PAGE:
Police chief: Hack your kids' Facebook passwords
The police chief of Mahwah, N.J., says parents should use any method to obtain their kids' Facebook passwords. He is even helping parents install spyware.
Where are your kids tonight? Virtually speaking.
You know they're up in their rooms. But they have laptops. And they've been pouting more than usual lately. So who are they talking to? What are they saying?
The police chief of Mahwah, N.J., James Batelli, believes that you shouldn't be sitting there and wondering. He believes parents should be using any methods they can to spy on their kids.
According to NBC New York, Batelli, who is the father of a teenage daughter, says a parent's biggest mistake can be naivete.
"If you sugar-coat it, parents just don't get it. Read the paper any day of the week and you'll see an abduction [or] a sexual assault that's the result of an Internet interaction or a Facebook comment," he said.
Batelli reportedly sees nothing wrong with using spyware to monitor their every virtual move and hack their passwords to Facebook and any other site for which they might have a regular fondness.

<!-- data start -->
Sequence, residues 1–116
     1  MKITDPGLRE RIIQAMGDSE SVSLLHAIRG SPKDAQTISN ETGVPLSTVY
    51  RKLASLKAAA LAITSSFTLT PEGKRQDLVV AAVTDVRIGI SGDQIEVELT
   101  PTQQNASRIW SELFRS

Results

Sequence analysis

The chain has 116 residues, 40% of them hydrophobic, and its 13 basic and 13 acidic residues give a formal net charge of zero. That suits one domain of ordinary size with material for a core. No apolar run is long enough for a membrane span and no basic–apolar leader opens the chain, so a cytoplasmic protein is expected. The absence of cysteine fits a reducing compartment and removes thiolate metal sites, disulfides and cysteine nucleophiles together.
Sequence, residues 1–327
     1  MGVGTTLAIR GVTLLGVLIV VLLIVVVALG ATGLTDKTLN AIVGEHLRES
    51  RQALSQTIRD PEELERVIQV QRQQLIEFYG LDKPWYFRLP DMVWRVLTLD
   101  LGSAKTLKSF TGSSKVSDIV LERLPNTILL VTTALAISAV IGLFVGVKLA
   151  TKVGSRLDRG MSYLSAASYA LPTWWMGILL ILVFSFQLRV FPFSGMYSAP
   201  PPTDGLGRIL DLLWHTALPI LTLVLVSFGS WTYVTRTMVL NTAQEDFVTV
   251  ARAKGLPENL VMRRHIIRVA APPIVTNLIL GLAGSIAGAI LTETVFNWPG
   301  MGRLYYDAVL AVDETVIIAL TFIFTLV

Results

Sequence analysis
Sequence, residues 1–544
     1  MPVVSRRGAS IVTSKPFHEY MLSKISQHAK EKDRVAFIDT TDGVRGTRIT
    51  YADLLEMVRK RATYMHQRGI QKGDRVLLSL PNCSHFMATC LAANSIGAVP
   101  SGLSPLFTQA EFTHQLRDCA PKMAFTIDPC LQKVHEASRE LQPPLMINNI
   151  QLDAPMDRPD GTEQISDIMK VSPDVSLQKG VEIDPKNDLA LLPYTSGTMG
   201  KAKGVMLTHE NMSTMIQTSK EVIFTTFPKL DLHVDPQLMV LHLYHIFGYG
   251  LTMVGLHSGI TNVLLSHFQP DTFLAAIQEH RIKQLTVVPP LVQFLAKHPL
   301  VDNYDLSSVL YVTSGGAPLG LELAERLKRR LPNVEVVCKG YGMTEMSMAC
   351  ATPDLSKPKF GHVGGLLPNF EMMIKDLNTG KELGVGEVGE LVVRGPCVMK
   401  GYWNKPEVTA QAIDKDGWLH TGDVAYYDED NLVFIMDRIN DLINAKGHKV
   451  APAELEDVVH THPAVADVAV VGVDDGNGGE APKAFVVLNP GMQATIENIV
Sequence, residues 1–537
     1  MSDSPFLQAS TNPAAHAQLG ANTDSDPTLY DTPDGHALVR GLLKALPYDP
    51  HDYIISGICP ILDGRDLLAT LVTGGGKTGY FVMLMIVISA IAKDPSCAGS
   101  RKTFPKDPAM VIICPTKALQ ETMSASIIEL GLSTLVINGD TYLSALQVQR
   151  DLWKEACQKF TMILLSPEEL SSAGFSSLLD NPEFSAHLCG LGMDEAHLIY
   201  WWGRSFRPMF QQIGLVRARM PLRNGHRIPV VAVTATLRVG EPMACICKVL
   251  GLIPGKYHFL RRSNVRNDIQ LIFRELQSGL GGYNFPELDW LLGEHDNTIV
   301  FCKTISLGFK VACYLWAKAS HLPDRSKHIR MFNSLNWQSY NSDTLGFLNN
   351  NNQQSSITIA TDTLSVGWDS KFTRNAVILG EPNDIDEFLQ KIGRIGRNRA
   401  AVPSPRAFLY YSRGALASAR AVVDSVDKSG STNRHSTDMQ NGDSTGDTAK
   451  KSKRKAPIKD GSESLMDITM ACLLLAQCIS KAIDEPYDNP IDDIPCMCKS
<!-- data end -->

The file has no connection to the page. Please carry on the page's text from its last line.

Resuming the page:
Indeed, his detectives hold free seminars to teach parents how to install spyware on all their computers at home.
And, given that corporations,, and schools ( ) both seem inclined to enjoy spying on their employees and pupils, perhaps Batelli is merely following the fashion.
"If it means buying an $80 package of software and putting it on and seeing some inappropriate words you don't want your child to say. Then that's part of society," he told NBC New York.
Unfortunately, another part of society is that kids tend to be more adept computer-wise than their parents. What will happen when the kids realize they're being spied on? What kind of pouting might such an outing cause? And what might kids find if, in retaliation, they decide to hack into their parents' laptops?
Parenting is an ugly business. Sometimes, perhaps, you just have to have faith in your kids. But when does that faith run out?